I’m about to say something incredibly controversial. Are you ready?
Pumpkin spice lattes are fucking gross. They taste like chemicals. They taste like fake syrup. They taste like fake pumpkin. And while they usually don’t make me all that mad, they’re kinda irking me right now because it’s hot in Los Angeles and I’m sort of not ready for fall just yet. Too much pumpkin spice latte advertisement–calm down!!!
(If you like pumpkin lattes just know that we are still friends. I like you.)
During this strange seasonal transitional period, I like to make things that are flexible in terms of time spent in the kitchen and actual temperature. This soup is cold. The broth is cold, the noodles are cold, but if you’re feeling a bit chilly or want to make this in a few months, then eat it warm! It’s delightful piping hot.
I know so many of you are so cold right now. Every few pictures on Instagram are screenshots of what the weather is like in the Eastern United States. And you guys are literally freezing. I know your face probably hurts and you can’t feel your toes because of the cold, but honestly I’m kinda jealous. I wish I had snow boots on and got the chance to take pretty winter white landscape photos. And then I’d come in the house and have one of those rooms specifically designed for taking off big jackets and boots (what’s this room called, guys?! I forget!) and then I’d proceed to light a fire and make some soup. And maybe whip up this plate of healthy soba noodles because it’s January, after all.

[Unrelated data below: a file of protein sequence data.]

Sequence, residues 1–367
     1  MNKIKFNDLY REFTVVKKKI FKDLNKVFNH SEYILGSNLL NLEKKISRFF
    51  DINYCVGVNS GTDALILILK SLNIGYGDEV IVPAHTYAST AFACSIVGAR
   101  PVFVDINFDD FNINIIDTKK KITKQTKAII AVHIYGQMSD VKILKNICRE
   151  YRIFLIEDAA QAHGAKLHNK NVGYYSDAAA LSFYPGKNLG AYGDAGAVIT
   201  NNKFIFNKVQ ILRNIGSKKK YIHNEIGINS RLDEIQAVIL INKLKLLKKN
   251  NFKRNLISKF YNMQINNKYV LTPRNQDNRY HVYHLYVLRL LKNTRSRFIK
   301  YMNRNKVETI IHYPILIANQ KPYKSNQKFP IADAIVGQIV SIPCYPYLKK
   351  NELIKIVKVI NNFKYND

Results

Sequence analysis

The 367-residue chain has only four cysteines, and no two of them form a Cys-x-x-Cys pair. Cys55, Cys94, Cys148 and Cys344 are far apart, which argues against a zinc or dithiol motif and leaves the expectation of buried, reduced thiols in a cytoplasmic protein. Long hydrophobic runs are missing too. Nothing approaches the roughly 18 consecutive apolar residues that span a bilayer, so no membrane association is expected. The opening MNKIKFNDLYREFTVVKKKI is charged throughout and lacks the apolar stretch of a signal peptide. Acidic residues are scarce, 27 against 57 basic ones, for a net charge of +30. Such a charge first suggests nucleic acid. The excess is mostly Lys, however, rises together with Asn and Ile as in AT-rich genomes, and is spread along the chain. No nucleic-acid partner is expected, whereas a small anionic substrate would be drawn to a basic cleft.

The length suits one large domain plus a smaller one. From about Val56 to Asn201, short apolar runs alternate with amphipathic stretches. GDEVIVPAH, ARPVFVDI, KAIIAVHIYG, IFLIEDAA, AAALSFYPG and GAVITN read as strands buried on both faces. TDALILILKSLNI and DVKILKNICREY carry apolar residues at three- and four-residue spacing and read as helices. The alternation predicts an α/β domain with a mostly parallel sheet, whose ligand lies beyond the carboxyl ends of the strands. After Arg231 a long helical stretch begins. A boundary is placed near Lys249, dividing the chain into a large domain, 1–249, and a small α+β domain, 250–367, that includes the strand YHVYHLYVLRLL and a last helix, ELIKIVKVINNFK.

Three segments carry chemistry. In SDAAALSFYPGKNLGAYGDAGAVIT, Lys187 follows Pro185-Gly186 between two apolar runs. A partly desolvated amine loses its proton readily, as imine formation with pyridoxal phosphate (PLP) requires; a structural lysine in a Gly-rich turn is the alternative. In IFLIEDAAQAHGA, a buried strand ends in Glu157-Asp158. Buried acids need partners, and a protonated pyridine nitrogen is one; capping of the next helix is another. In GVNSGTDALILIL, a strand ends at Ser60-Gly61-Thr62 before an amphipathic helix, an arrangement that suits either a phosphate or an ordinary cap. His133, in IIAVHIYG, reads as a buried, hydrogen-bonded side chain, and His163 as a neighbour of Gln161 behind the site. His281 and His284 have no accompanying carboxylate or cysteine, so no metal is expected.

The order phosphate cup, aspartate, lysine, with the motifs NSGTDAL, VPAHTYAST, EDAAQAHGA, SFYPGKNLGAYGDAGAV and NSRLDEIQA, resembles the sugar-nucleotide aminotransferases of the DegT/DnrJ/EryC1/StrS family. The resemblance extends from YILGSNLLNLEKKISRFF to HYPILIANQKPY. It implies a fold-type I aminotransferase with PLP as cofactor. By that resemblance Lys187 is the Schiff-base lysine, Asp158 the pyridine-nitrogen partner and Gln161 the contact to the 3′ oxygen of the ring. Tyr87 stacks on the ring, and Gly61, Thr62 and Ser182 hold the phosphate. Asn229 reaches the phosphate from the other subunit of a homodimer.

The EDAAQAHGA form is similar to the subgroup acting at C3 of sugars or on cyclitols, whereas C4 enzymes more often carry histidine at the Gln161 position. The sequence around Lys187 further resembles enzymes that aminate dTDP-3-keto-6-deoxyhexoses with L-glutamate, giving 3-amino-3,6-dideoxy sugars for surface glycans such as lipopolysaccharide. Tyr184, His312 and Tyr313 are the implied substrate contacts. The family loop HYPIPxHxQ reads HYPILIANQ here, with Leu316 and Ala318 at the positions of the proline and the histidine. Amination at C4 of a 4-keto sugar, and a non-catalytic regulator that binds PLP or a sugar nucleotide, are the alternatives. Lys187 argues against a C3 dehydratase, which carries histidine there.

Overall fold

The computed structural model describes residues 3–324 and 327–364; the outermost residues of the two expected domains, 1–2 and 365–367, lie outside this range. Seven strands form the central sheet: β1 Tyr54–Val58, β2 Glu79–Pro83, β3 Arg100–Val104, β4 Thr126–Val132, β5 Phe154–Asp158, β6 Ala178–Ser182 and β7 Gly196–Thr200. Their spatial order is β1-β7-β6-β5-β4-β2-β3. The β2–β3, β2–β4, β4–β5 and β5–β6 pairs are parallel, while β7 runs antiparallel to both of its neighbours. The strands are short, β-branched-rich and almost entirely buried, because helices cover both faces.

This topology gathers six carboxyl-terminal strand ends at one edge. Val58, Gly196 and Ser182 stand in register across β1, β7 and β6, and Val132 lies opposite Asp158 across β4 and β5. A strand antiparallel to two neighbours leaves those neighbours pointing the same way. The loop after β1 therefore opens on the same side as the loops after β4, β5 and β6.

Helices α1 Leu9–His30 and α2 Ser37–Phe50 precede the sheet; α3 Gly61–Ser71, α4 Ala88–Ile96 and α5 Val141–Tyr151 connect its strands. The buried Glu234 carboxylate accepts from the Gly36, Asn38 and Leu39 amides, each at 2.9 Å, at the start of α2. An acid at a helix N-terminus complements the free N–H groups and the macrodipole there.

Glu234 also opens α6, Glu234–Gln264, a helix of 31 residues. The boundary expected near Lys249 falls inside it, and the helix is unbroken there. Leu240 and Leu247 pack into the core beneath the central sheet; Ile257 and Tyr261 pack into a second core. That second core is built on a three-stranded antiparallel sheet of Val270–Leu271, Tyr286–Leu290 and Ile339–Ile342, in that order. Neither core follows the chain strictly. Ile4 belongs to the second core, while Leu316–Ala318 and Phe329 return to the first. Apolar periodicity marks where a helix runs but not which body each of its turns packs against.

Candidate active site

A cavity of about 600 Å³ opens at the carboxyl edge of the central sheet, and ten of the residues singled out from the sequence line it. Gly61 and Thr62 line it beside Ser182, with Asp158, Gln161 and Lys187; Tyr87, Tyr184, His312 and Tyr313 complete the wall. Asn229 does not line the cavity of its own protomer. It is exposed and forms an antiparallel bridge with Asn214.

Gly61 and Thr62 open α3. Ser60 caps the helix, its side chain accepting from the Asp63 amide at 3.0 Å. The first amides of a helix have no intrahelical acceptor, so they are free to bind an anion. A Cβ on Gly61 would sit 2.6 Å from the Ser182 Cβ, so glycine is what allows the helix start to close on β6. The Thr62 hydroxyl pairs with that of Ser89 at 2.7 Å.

It took me FOREVRRR to finally give soba noodles a try. I’m pretty sure I was scarred from my childhood nightmare, which consisted of tall stacks of healthy buckwheat pancakes. Buckwheat flour has never been my favorite, so I guess it’s no surprise that once I learned that soba noodles used this flour, I steered clear. A few years ago I was at a vegan eatery that forces you to feel grateful about your life, which actually just makes me angry. Like, don’t tell me to be grateful; I’ll be grateful if I want to be, you know? Anyway, I left angry but was delighted to learn that soba noodles could be very delicious. My opinion had been forever changed.
My favorite part of this dish are the bonito flakes. Have you had them before? When bonito flakes hit piping hot food, they dance. Bonito flakes are dancers. Really embarrassing dancers. Like the friend you have that starts to dance and everyone is like, yeesh, don’t do that for the sake of humanity please stop, please. Basically, bonito flakes dance like Elaine. (And if you’re too young to understand a Seinfeld reference, you’re dead to me. Not really, but PLEASE watch the entire series.)
These padron peppers are cooked in the same way shishito peppers are usually prepared: pan sautéed and blistered. And instead of just tossing them with a little salt, I decided to make it a little more interesting and top them with bonito flakes and fresh orange zest. It’s a fun little appetizer that takes about five minutes to prepare. And like all other awesome things, these should be eaten with beer.
The full recipe and post is over on PBS Food this week.